After that, Dr. Deaver remained my academic advisor. I only wish I told him that I picked his class because I knew he would be an amazing professor. My condolences go out to Dr. Deaver's family, and thank I them for sharing him with the Rollins community. He touched so many of our lives.

Dani del pico

May 8, 2018

My deepest condolences to the Deaver family for their loss. I had the pleasure of being taught, albeit briefly, by Professor Deaver in 2015. He had an intrepid intellect and a wicked sense of humor. I remember how attentively he listened to the students and made them feel like they were the only one in the room. He was always so encouraging and careful with every word he spoke. He was such a kind soul and will be missed very much.

Andrea Williamson

May 8, 2018

I had Professor Deaver for a series of creative writing classes from 2004-2007. I remember being intimidated by taking creative writing classes, especially in college. I wasn't sure what being a writer meant or entailed. And I definitely wasn't sure if I had anything worthy to share. But Professor Deaver created such a supportive environment in his classes that our whole class was able to relax and get to work.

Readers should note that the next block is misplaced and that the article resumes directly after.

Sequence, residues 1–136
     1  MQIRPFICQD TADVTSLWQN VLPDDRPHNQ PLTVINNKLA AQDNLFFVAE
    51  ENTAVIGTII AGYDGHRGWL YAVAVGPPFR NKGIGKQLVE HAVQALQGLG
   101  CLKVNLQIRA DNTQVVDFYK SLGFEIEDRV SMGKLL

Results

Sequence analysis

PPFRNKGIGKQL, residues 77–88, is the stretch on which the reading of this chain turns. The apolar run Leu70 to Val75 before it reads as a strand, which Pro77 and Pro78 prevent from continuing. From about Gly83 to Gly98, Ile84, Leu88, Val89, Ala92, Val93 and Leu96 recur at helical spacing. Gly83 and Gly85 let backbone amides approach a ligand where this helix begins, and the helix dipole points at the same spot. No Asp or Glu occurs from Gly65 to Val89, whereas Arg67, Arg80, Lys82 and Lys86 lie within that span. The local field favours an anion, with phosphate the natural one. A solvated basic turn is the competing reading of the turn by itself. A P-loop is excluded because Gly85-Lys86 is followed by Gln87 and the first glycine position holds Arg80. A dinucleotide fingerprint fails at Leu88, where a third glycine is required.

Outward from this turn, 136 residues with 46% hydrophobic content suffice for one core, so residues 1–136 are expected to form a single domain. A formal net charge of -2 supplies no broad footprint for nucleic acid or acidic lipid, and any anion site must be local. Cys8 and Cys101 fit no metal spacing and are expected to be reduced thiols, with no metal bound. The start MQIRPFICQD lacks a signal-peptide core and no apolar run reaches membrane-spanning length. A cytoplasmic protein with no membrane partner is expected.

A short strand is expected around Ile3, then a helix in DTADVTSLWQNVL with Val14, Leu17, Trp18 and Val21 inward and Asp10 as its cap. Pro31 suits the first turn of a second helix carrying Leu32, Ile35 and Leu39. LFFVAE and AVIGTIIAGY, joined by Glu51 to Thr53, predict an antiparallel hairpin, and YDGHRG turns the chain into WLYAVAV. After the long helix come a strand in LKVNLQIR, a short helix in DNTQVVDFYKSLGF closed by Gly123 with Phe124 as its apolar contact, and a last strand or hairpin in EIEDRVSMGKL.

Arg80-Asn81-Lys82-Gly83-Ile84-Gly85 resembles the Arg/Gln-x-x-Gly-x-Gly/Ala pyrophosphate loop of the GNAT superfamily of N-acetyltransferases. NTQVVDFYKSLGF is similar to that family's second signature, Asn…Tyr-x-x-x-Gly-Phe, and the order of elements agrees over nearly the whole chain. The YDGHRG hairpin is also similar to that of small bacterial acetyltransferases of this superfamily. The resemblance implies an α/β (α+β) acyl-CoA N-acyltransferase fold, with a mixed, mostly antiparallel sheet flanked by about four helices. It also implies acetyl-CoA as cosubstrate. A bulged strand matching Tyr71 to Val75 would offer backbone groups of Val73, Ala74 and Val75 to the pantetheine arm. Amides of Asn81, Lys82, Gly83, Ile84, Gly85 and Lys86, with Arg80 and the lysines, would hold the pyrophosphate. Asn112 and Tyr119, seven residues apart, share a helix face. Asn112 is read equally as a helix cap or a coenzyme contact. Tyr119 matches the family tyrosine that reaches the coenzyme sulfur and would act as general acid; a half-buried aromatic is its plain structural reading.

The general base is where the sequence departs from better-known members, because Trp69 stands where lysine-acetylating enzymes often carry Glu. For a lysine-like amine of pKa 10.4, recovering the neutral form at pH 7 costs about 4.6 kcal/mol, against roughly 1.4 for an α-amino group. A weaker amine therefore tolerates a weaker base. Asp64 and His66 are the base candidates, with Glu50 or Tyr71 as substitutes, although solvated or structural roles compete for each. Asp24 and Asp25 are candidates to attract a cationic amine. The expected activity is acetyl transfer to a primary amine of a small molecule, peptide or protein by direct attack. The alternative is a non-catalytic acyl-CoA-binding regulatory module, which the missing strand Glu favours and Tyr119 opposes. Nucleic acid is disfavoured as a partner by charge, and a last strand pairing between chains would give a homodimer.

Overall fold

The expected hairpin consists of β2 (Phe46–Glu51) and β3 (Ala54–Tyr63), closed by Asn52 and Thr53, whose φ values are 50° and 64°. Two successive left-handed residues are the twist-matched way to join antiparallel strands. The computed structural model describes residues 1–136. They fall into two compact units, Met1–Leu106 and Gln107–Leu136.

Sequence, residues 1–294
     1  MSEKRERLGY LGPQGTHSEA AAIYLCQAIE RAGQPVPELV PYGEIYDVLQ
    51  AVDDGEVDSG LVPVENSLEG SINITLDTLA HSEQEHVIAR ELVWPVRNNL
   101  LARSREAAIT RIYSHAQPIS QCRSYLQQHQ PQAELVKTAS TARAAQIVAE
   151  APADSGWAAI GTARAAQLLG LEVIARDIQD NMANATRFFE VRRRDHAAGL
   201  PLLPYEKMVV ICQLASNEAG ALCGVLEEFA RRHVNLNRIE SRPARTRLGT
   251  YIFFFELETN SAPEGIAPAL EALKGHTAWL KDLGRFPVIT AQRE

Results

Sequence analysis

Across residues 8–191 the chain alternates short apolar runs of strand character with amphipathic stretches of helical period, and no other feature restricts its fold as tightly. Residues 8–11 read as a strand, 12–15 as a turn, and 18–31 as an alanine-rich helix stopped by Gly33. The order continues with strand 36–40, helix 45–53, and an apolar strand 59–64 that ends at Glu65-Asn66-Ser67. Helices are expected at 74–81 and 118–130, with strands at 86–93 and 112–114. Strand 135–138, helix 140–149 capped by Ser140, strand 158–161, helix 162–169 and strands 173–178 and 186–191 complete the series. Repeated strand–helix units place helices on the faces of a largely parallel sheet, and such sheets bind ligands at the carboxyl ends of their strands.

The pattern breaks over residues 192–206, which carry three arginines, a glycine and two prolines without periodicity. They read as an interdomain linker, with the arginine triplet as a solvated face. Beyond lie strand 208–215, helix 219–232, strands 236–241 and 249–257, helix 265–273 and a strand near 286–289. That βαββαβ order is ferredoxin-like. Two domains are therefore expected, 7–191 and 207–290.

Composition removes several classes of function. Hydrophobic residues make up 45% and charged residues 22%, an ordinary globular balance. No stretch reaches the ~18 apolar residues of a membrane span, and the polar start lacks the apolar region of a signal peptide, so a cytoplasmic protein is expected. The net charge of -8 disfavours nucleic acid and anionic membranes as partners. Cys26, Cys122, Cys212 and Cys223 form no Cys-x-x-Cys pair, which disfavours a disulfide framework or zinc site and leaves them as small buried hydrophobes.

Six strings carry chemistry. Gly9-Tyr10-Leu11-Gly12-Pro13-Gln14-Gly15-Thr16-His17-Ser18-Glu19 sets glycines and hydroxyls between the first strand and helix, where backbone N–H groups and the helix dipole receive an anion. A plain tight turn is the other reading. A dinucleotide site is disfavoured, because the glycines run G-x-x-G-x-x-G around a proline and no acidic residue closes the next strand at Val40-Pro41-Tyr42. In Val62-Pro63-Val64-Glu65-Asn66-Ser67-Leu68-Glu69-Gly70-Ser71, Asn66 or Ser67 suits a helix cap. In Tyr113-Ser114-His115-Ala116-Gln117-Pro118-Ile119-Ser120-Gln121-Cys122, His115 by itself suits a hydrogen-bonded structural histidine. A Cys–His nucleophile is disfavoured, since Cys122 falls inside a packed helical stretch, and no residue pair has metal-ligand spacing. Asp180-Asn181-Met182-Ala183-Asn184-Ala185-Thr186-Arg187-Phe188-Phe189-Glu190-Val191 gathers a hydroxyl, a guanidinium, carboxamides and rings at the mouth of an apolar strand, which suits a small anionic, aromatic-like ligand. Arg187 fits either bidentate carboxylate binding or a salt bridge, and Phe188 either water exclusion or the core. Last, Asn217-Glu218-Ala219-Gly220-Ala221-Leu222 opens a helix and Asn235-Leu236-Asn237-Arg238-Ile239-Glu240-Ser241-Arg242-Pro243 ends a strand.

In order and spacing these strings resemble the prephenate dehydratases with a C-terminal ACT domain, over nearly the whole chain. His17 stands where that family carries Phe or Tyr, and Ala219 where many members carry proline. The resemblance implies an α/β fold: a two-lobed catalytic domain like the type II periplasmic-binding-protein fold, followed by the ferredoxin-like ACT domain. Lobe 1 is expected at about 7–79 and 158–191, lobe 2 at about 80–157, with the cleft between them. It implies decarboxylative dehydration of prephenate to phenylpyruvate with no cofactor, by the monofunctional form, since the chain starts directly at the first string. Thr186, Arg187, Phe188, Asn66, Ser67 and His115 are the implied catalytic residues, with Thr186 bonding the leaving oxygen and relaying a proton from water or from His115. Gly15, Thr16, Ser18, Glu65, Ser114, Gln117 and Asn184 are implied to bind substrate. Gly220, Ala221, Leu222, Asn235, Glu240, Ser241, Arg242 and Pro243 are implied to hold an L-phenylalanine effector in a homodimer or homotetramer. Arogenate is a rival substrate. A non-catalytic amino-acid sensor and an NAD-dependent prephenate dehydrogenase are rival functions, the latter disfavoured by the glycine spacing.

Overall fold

He gave us the room we needed to explore who we were as writers and to find our own voice. He also created a space where feedback and criticism were welcomed. At the end of the day, he always stressed how much he believed in our value as writers. That's a gift that will stay with all of his students. He knew that writing comes with rejection. And from my perspective, he always wanted us to know that someone believed in us. That if we wanted to keep writing, we'd always have at least one fan out there.

I'll miss Professor Deaver immensely. He's had a phenomenal impact on my life and I'll always cherish his lessons. I extend my deepest condolences to his family and friends.

Charlene Edge

May 8, 2018

My husband, Hoyt Edge, and I send our deepest condolences to Phil's family and friends. I first met Phil in 1994 in a writing class, and over the years he never failed to encourage me to keep the pen moving. I've written a memorial on my website, so I invite you to visit
attached photo was taken in our home at a thank you dinner in 2012 for Phil and author, Rachel Newcomb (right), for their helpful input on my memoir.

Wendy White Goddard

May 5, 2018

In my 28-year journey to a B.A. degree in English, I landed at Rollins in the mid-90s. I attended as many writing classes as my catalog would allow without actually being enrolled in the writing minor. While I never took one of Phil’s classes, he spoke in several of my seminars and always made himself available. In the winter of 2000, one of my memoir pieces was accepted for review and critique in a Winter with the Writers Thursday afternoon Master Class. Anne Beatty gave an abrupt and dismissive assessment of my work. Phil sought me out afterwards, offering consolation and encouragement, letting me know he felt I had been treated unnecessarily harshly. His compassion and generosity comfort me to this day. Phil Deaver told me I was a writer, and I am.